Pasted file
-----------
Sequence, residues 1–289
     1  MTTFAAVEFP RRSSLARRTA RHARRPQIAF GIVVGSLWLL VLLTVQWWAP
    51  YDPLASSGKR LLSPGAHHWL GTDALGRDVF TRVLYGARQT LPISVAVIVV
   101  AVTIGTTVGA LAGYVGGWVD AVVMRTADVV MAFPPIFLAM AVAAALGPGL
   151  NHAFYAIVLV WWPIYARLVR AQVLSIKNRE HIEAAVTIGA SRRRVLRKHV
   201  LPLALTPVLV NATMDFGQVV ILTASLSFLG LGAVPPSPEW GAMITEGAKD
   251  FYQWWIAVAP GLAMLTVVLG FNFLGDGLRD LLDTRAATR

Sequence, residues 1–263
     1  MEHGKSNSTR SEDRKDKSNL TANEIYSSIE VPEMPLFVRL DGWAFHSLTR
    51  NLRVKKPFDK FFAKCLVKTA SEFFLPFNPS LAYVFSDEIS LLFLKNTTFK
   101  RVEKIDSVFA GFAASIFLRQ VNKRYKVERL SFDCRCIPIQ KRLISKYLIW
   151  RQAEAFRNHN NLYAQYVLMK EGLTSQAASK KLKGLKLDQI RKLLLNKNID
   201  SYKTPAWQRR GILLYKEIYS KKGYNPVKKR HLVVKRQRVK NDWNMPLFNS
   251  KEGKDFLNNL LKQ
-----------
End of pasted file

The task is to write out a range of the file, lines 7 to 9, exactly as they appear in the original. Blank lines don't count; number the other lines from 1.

   251  FYQWWIAVAP GLAMLTVVLG FNFLGDGLRD LLDTRAATR

Sequence, residues 1–263
     1  MEHGKSNSTR SEDRKDKSNL TANEIYSSIE VPEMPLFVRL DGWAFHSLTR